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Compost 101

What is Compost? 

Compost is a useful organic material made from organic wastes (yard trimmings-leaves,grass clippings,plant materials-,food wastes,certain manures) which the decayed remains of organic matter that has rotted into a natural fertilizer and soil conditioner.

Finished compost enhances plant growth organically also conditioning of the soil to hold more moisture and nutrients.

Yard trimmings and food residuals together constitute 26 percent of the U.S. municipal solid waste stream. That's a lot of waste to send to landfills when it could become useful and environmentally beneficial compost instead.

Some examples of waste that can be composted: 

  • and cow manures that are not fresh
  • Coffee grounds and filters
  • Eggshells
  • Fruits and vegetables
  • Grass clippings
  • Hair and fur
  • Straw
  • Houseplants
  • Leaves
  • Sawdust
  • Shredded newspaper
  • Tea bags
  • Wood chips
  • Yard trimmings

How to Compost:

All composting requires three basic ingredients:

  • Brown Waste(Carbon)—Includes materials such as dead leaves, sawdust, garden soil, old compost, small branches and twigs 
  • Green Waste(Nitrogen)—Includes materials such as grass clippings, vegetable & flower waste, fruit scraps, and coffee grounds, manure
  • Water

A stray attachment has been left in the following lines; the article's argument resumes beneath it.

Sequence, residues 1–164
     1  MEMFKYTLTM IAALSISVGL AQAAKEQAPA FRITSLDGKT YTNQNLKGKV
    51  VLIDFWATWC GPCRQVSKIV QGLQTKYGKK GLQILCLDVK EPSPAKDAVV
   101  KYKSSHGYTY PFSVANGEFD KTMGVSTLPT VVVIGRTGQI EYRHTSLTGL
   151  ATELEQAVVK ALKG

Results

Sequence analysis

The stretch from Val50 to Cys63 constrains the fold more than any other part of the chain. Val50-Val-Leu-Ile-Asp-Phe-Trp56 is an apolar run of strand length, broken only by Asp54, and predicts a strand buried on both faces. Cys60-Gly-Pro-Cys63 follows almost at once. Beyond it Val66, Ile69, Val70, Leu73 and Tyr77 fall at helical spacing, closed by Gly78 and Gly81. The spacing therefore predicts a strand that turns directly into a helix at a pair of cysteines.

Having the right amount of greens, browns, and water is important for compost development. Ideally, your compost pile should have a ratio of 3 part browns to 1 part greens and alternate layers of organic materials of different size particles. The brown materials provide carbon for your compost and the green materials provide nitrogen, while the water provides moisture to help breakdown the organic matter.

Location: Area should be convenient for adding materials and removing compost. Make sure to put the pile on a level well-drained area.

Heat it Up: Heat speeds up decomposing, so sunlight is helpful but not necessity. Turn your pile frequently if possible, this quickens the breakdown of materials. Keeping the pile moist by adding water or rainfall will be a benefit of composting. The perfect situation is to have the pile slightly moist on the inside. A real soggy pile will breakdown slower.

Size of Compost: Try to work with an area no larger than a 3' x 3' x 3'. Its a lot easier to try to turn a pile this size, and if its smaller than this size the pile does not heat up as quick. If you go larger, be prepared to keep it managable for best results, it may require more turning of the pile to breakdown.

Making a Pile: Add small branches and twigs to the bottom, add greens and browns mixed and alternate again to mix altogether to allow air flow throughout pile. Between layers sprinkle soil or old compost to innoculate the pile with microrganisms. Then moisten the pile to the consistency of a damp sponge.

Working the Pile: Increase air circulation through out the compost pile by poking holes in the pile with a broom handle or pitchfork. Turn the pile with a garden fork when the pile starts to cool down. The object is to move less decomposed matter to the pile center.

Finished Product: It can take anywhere from three months to two years to produce finished compost. The more attention you give the pile(performing tasks such as frequently turning the pile, adding the right ingredients, maintaining a proper moisture level, etc), the faster the materials will break down. It's ready when the dark rich soil like substance crumbles in your hands. There are many benefits of doing this garden chore: improves soil conditioning and plant growth without any chemical fertilizers, keeps waste that would otherwise be thrown in the landfills recycled and reused.